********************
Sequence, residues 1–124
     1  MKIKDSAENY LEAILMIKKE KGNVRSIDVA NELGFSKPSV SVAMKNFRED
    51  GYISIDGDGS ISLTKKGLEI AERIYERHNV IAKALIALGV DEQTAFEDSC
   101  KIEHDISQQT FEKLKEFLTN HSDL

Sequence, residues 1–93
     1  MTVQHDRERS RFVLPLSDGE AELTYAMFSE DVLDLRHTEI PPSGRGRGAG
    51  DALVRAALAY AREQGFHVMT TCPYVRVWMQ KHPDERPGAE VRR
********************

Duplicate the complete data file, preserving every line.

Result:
Sequence, residues 1–124
     1  MKIKDSAENY LEAILMIKKE KGNVRSIDVA NELGFSKPSV SVAMKNFRED
    51  GYISIDGDGS ISLTKKGLEI AERIYERHNV IAKALIALGV DEQTAFEDSC
   101  KIEHDISQQT FEKLKEFLTN HSDL

Sequence, residues 1–93
     1  MTVQHDRERS RFVLPLSDGE AELTYAMFSE DVLDLRHTEI PPSGRGRGAG
    51  DALVRAALAY AREQGFHVMT TCPYVRVWMQ KHPDERPGAE VRR